Last Updated on September 16, 2019, by eNotes Editorial. Word Count: 1208
From the Sumerian epic Gilgamesh (circa late second millennium BCE) to Le Morte D’ Arthur by Sir Thomas Mallory (1485) to J. K. Rowling’s Harry Potter series, we can clearly trace one of the two chief strands of the novel’s DNA, the elements of which are narrative, unfolding journeys and...
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From the Sumerian epic Gilgamesh (circa late second millennium BCE) to Le Morte D’ Arthur by Sir Thomas Mallory (1485) to J. K. Rowling’s Harry Potter series, we can clearly trace one of the two chief strands of the novel’s DNA, the elements of which are narrative, unfolding journeys and change as a trigger to character growth. However, the other strand of the modern English novel’s makeup begins to crystallize only toward the end of the seventeenth century—indeed, around the time the term “novel” was coined. Unable to fit this new literary form in any of the existing categories—play, romance, ballad—the writers and thinkers of that age borrowed a defining term from continental Europe: “novel,” from the medieval Italian “novella,” used for a story in prose which had a beginning, middle, and end. Of course, “novel” also means “new,” which was a perfect way to describe an emergent literary form that would soon come to dominate literary expression, much as movies dominate the world of visual arts. Broadly speaking, we can discuss the development of this second strand of the novel in terms of three critical themes.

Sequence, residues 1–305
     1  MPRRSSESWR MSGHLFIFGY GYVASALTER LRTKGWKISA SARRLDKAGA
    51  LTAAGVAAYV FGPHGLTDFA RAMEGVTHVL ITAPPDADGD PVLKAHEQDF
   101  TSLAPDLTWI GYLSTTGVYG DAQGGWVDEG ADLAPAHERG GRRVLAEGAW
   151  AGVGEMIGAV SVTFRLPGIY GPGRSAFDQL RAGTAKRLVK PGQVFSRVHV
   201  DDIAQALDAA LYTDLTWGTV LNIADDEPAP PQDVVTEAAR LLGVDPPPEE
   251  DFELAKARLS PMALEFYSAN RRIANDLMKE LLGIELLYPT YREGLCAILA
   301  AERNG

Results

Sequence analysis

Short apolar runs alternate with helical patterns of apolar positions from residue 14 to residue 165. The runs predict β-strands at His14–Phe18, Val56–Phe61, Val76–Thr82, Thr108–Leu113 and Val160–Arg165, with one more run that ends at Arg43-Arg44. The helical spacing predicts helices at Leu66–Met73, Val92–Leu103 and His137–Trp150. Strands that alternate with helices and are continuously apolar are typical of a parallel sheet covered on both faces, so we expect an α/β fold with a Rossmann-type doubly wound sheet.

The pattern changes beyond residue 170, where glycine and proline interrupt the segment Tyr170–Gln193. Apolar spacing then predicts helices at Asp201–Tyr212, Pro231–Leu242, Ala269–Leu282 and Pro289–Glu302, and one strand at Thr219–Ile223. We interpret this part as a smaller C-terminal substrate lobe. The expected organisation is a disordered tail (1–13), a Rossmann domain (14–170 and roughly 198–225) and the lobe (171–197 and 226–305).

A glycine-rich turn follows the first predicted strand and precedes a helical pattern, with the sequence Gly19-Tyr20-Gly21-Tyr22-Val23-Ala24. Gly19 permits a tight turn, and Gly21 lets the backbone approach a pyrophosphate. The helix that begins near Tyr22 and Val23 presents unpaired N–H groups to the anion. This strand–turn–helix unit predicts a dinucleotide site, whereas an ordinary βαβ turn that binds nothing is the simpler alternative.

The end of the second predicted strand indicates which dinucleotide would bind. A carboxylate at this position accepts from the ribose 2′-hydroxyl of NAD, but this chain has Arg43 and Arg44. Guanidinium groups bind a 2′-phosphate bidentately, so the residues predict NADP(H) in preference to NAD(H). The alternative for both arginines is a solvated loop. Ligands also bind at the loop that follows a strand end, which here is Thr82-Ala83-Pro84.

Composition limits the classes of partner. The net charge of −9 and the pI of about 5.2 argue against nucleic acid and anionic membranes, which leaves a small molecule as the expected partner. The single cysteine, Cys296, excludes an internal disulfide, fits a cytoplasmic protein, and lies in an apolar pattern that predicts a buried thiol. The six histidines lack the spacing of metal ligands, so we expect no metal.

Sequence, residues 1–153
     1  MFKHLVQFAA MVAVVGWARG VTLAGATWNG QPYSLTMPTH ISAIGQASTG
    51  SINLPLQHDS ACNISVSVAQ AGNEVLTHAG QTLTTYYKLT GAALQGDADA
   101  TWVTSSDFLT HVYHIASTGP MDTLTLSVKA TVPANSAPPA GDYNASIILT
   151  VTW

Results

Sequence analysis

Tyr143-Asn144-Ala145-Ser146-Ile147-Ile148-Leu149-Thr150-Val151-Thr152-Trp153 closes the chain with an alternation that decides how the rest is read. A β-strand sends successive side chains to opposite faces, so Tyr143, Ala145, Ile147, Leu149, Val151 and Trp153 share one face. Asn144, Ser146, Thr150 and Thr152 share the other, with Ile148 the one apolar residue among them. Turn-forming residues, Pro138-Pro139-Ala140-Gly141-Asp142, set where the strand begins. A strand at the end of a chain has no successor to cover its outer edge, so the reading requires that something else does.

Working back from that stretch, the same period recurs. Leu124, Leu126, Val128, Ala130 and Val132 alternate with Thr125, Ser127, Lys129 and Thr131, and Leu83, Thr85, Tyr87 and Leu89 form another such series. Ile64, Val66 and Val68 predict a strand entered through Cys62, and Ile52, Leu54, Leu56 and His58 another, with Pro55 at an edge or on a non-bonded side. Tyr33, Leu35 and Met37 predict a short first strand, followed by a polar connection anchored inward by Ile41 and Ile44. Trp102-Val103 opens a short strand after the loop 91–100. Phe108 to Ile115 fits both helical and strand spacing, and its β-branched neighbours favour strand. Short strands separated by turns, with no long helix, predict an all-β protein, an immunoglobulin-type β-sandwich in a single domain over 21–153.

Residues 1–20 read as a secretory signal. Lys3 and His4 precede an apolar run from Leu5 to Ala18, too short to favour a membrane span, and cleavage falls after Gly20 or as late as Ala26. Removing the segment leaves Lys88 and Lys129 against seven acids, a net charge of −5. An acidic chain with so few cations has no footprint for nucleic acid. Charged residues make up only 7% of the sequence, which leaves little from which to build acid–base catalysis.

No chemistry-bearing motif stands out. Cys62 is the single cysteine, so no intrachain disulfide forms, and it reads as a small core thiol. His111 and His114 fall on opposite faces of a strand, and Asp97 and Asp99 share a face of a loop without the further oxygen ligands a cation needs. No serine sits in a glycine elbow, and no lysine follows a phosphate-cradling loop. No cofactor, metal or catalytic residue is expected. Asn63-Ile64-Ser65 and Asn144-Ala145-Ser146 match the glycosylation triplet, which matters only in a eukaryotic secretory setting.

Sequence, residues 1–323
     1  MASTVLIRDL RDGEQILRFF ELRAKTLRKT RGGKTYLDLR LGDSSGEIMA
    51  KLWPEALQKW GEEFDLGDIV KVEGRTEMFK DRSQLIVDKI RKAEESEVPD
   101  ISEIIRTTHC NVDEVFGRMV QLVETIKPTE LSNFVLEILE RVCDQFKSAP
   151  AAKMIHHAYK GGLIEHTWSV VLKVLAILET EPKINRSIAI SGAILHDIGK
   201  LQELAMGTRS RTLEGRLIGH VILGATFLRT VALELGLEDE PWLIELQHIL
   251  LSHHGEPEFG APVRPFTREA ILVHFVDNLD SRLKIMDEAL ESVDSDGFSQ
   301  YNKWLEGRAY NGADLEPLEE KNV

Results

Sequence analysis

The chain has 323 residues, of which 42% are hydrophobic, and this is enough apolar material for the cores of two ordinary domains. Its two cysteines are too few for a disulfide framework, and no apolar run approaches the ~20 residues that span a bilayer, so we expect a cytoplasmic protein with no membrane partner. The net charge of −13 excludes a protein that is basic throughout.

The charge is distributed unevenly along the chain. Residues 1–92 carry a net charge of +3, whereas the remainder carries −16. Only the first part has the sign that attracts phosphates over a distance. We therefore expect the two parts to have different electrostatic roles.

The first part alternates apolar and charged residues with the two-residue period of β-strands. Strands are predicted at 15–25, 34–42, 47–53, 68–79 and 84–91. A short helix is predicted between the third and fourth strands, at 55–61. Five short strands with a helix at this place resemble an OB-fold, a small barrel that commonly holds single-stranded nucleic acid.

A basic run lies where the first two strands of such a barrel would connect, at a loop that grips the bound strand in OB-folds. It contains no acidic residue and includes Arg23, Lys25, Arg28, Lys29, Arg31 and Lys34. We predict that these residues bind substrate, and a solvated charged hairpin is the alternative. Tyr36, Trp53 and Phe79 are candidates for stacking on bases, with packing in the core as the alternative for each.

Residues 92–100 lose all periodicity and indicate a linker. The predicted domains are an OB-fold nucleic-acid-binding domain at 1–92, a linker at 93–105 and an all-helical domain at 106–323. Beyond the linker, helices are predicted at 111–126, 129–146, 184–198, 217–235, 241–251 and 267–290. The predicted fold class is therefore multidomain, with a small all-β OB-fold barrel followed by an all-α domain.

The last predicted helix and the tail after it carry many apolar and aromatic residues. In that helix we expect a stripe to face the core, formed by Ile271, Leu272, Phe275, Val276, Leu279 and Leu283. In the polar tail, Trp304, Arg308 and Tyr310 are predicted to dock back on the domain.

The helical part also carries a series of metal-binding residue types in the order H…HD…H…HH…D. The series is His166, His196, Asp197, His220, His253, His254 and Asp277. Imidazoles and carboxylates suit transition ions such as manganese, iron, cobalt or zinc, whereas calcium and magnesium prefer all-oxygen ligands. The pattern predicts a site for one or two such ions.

The Influence of Social and Economic Changes
The growth of the modern novel in the eighteenth and nineteenth centuries was closely linked with important social and economic changes, especially the rise of the middle class. Nobles, kings, and fools are often the heroes of Shakespeare’s high tragedies, but by the eighteenth century, even the English theatre was pushing for more ordinary, and often disreputable, protagonists. With its self-explanatory tile, John Gay’s “Beggar’s Opera” (1728), one of the most successful plays of the English theatre of the time, is one such example. This change was by no means an accident or a mere matter of changing public taste; the early eighteenth century was a period of rapid urbanization, with more and more people migrating from the British countryside to cities. Cities, especially London, became great sites for the exchange and spread of ideas, as well as urban squalor. Individual concerns, the rise of nuclear families, and the details of everyday life were what now preoccupied people, rather than the concerns of the aristocracy.
In the midst of these changes arose what many now regard as the first English novel, Daniel Defoe’s The Fortunes and Misfortunes of the Famous Moll Flanders, Written from Her Own Memorandums (1722). The novel’s classic elements as they can be seen in Moll Flanders include an individual protagonist, the narrative unfolding in real time (as opposed to the “epic time” of romantic fiction), and realistic details included to recreate the character’s milieu for readers. This last point is a hallmark of both the novel’s development and the preoccupations of the middle class, which wanted to see itself reflected in the art and literature of the time. Samuel Richardson’s Pamela (1740) and Henry Fielding’s sprawling, seminal Tom Jones (1749) take this further, with the very ordinariness of the name “Tom Jones” establishing the everyday realness of the novel’s protagonist. Other important social changes that accompany the rise of the novel in the eighteenth century were the rise of journalism and monthly periodicals, the rise of literacy and the printing press, and the rise of the market economy.
The Rise of Individualism